Around a dozen high performance production cars and concepts were introduced this week, with mixes of raw power, agility and styling to give even the most mild-mannered drivers itchy fingers.
It was another sign of confidence that at least the giant US market is fully back to health and ready to enjoy the thrill of driving faster and more furiously.
Headlining were two new versions of the Corvette Stingray.
One was Chevrolet's official new endurance racer, the CR.7, which it will put to the test at the end of this month in the Rolex 24 hour race in Daytona, and possibly later this year at Le Mans.
The second was the street-legal version of that car, the 625 horsepower Z06, dubbed the "American Supercar."
It is built on the same aluminum frame and with much of the same speed features as the CR.7 that make it the fastest 'Vette ever. It will be on the market in 2015.
"Racing motor sports and winning is a part of who we are," said Mark Reuss, General Motors' head of global product development, citing the previous Corvette's many victories on US tracks.
As much a head-turner was Toyota's almost over-the-top FT-1 concept, a racer that started in a fantasy video game but could one day become a successor to the company's long-missing Supra.
With stealthy angles and more vents than a heating system, it garnered raves and pleas to bring it to production.
Kia shed its humble reputation with the aggressive GT4 Stinger concept, a pocket rocket wearing lines like a Porsche or a Maserati and carrying a turbocharged 315 horsepower, 2.0 liter engine.
Subaru meanwhile showed up with a new version of the WRX, the rally driver favorite.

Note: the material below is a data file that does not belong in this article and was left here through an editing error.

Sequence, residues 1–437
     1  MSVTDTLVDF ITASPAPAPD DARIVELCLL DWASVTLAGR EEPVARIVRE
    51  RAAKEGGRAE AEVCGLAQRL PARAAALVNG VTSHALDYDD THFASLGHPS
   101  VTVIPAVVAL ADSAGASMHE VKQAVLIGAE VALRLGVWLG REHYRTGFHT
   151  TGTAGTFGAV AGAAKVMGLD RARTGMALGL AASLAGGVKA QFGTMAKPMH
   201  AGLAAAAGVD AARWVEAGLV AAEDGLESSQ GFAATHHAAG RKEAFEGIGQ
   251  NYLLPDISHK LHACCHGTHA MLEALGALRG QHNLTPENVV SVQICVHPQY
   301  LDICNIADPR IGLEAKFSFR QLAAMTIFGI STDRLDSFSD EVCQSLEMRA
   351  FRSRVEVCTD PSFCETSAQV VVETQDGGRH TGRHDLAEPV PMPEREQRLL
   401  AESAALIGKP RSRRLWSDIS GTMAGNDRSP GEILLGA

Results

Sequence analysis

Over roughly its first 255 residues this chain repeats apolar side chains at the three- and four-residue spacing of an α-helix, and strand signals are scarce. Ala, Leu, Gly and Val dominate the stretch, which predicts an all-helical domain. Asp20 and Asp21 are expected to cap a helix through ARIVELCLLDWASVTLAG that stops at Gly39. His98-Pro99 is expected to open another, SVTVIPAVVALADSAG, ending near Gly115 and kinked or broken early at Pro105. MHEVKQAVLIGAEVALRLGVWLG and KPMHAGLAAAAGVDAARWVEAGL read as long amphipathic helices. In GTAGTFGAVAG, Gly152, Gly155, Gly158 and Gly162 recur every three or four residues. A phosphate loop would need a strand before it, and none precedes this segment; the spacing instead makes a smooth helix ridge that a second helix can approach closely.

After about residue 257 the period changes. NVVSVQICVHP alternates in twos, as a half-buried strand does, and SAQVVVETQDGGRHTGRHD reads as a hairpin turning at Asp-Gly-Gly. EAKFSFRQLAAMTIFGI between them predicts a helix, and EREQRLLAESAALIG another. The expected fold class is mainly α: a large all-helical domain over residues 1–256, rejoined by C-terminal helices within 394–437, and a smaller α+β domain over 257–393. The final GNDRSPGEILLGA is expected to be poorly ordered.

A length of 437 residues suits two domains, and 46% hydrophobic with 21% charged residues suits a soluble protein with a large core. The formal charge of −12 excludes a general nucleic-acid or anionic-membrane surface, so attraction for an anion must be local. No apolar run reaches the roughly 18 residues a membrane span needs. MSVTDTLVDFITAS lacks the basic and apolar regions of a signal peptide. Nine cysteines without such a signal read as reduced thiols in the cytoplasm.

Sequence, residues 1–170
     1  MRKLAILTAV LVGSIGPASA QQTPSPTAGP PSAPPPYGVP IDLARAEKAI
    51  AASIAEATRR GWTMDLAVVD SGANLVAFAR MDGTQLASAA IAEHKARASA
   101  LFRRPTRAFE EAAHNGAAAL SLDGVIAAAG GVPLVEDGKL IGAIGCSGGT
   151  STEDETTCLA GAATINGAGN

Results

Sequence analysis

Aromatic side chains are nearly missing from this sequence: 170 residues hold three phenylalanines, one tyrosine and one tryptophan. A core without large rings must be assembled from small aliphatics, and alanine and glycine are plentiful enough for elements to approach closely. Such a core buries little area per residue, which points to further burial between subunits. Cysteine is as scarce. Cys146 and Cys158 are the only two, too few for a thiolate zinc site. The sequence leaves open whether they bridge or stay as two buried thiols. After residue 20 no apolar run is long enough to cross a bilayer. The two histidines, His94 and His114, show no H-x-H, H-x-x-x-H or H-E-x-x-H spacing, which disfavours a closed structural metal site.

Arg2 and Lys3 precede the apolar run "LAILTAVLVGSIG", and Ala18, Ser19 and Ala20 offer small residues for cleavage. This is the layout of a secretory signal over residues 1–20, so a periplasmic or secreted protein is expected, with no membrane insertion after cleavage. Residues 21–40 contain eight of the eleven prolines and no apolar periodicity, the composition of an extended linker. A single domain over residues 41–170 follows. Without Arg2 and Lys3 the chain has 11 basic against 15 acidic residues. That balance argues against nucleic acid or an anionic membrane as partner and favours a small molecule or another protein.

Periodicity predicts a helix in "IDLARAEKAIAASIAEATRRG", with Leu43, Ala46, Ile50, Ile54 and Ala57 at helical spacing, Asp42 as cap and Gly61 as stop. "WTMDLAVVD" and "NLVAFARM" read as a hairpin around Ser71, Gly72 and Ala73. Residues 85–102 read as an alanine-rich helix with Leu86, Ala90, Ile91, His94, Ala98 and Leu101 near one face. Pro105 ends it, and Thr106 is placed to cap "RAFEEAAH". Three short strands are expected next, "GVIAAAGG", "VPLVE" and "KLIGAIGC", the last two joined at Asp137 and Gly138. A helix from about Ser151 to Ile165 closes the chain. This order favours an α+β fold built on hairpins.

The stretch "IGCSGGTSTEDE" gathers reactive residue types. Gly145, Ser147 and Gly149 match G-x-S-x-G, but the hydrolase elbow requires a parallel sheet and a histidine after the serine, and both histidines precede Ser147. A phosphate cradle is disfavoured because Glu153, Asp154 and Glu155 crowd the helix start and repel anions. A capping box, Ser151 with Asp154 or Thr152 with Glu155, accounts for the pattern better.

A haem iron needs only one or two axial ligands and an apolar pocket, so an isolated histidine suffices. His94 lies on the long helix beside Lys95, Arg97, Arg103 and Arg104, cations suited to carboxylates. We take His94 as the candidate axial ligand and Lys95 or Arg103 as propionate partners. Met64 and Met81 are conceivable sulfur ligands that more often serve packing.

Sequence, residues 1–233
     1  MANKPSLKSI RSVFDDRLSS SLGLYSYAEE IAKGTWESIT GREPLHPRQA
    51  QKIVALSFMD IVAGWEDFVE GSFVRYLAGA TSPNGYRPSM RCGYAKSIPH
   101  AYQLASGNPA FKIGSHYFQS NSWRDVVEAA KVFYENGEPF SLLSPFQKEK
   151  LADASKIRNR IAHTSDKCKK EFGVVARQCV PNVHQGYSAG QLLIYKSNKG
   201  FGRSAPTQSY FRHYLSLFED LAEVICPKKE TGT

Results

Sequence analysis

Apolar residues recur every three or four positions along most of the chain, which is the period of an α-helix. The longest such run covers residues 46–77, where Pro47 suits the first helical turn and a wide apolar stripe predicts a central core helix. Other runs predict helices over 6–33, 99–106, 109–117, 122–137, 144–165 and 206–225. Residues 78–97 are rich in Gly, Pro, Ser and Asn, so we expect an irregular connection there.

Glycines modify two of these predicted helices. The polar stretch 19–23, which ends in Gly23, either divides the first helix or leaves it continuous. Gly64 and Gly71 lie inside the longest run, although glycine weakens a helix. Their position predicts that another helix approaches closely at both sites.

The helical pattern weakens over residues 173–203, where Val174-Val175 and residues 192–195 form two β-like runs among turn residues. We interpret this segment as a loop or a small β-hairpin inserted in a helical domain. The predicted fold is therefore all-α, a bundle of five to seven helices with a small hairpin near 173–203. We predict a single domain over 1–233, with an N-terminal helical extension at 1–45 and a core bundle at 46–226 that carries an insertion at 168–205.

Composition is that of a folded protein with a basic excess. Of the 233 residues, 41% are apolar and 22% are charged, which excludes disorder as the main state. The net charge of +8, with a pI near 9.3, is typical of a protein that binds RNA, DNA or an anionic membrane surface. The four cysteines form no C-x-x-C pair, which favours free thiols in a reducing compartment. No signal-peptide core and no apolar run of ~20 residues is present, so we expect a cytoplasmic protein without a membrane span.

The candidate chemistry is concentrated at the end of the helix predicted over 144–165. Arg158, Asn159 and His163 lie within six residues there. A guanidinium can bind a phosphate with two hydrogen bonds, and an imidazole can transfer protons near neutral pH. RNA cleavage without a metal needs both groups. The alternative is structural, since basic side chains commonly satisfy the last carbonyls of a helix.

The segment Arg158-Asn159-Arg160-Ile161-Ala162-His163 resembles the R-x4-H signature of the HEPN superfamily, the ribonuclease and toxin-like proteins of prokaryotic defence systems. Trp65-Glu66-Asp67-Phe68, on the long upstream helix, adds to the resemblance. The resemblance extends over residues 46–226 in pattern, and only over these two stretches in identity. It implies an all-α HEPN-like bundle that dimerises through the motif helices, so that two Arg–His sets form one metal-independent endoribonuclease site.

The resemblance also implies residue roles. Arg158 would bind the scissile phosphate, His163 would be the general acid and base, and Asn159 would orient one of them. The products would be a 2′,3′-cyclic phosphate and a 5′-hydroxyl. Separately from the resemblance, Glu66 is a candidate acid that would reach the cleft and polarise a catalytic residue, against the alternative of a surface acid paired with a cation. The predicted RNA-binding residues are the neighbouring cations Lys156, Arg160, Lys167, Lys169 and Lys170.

The Japanese manufacturer has still done little about the car's homely looks, but the new WRX promises a stiffer ride, tighter, more stable turning and firmer braking.
Other new sports cars included BMW, with the new 2 Series, and a new M3 and M4; Porsche's 911 Targa; Nissan, with its sports car concept believed to herald the next Maxima; Mazda's Club Sport3 concept; and Jaguar's F-type coupe.
Some industry analysts said the plethora of new sports cars shows the auto industry letting loose after the hard years of 2008-2011.
Dave Sargent, an auto industry analyst at JD Power, said the rise in concept cars "are signs the industry is feeling fairly good about itself.
"Particularly in Detroit we had a few years with hardly any concepts and most of the products were fairly main stream and focused on practicality," he said.
There was added engine power all around, some of it born of technology advances as the industry tries to meet tougher fuel consumption standards without sacrificing power to the wheels.
But concept sports cars are often simply to help build a brand's image and never come to the market commercially, warned Jessica Caldwell of auto industry specialist Edmunds.com.
Nevertheless, she said, there is some underlying demand growth as the US economy revives.
"The market has more consumers out there willing to buy sports cars than a few years ago," she noted.